Now I don’t want to talk about social justice. Frankly, it’s not a popular subject with our crowd. It’s the kind of subject that makes people whisper, “Pastor’s some kind of closet liberal or something.”

Another reason I don’t want to talk about it is because in liberal churches, it’s talked about too much. Over vacation, I was talking to my uncle and his family, who recently switched churches. They were in a fairly conservative evangelical church, and the pastor started doing some fishy things, so they literally got in their car and joined the next church down the road, which was a United Methodist church.

Uncle Kenny was telling me that he hates this church because the pastor—a lady—only ever talks about social justice and leftist politics. Many times in our conversation I said, “Why don’t you find a better church then?” And he said, “Because the people in this church are very conservative salt-of-the-earth people,” and he doesn’t want to abandon them. So you understand that there are a lot of churches and a lot of groups where all they want to talk about is social justice. I don’t want to have anything to do with that, and I don’t want anyone to ever accuse our church of that kind of thing.

But I’m also a biblical preacher. More than anything as a pastor, I’m committed to preaching what the Bible says, even if it isn’t popular with you. And this is a chapter—one of many in the Old Testament—with a theme of social justice. The theme of this chapter is looking out for the poor, needy, downtrodden, and abused.

Look at the first two verses:

”God standeth in the congregation of the mighty; he judgeth among the gods. How long will you judge unjustly?”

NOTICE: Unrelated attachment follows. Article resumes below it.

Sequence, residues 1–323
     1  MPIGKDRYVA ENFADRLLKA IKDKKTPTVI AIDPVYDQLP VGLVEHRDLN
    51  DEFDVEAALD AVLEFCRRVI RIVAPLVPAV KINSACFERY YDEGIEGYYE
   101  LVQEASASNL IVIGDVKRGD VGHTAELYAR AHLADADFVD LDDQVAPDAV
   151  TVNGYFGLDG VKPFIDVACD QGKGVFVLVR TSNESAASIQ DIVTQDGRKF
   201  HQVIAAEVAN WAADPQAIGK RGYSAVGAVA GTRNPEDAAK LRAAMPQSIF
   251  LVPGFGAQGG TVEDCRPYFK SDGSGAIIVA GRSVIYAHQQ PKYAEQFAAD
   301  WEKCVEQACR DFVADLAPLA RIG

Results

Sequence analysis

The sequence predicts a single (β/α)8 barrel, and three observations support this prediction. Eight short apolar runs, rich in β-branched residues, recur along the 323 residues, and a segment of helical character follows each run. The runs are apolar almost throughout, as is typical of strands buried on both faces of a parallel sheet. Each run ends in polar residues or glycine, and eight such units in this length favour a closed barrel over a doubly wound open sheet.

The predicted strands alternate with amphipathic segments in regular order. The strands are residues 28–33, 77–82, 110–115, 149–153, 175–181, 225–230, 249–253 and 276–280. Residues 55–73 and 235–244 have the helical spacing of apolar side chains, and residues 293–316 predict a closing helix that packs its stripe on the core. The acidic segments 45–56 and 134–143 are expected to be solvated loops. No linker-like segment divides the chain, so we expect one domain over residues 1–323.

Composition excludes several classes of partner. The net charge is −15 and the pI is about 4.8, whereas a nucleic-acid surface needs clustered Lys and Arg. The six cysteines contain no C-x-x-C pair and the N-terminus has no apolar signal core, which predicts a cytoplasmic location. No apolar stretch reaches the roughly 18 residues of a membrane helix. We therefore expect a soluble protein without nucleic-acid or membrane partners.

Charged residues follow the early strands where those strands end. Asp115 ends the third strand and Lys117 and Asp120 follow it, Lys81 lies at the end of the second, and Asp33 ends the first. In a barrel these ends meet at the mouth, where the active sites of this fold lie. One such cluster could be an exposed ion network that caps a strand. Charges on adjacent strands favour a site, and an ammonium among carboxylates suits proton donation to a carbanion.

What does this mean? We have to get this right or we won’t get anything right.

Obviously, we don’t believe in “little g” gods, so this verse cannot literally be talking about false gods like Zeus, Apollo, Diana, or Baal. The word “gods” here is a term that is sometimes used in the Old Testament to refer to judges and leaders.

For example, in Exodus 22, there are several times when it says, “Bring them before the judges,” and the word “judges” is the same word translated as “gods” here. In Exodus 22:28, it even says ”Thou shalt not revile the gods, nor curse the ruler of thy people.” Yet many times in the same part of scripture, it says that if you find idols or idol worshippers, then they should be utterly destroyed.

So the word “gods” here is not referring to false gods. It’s referring to judges or leaders.

So this is a psalm for judges and leaders. If you are in a position of power, then this is a psalm for you.

Specifically, the Psalm tells judges and leaders to remember six things:

1. Remember God is watching (vv. 1)

2. Remember to reject wickedness (vv. 2)

3. Remember to justly care for the poor and destitute (vv. 3-4)

  • You should defend them.
  • You should do justice to them.
  • You should deliver them.

4. Remember that this won’t be popular (vv. 5)

5. Remember that no matter how powerful you are, you will die and meet your maker (vv. 6)

6. Remember that God is going to make everything just and fair one day. (vv. 7)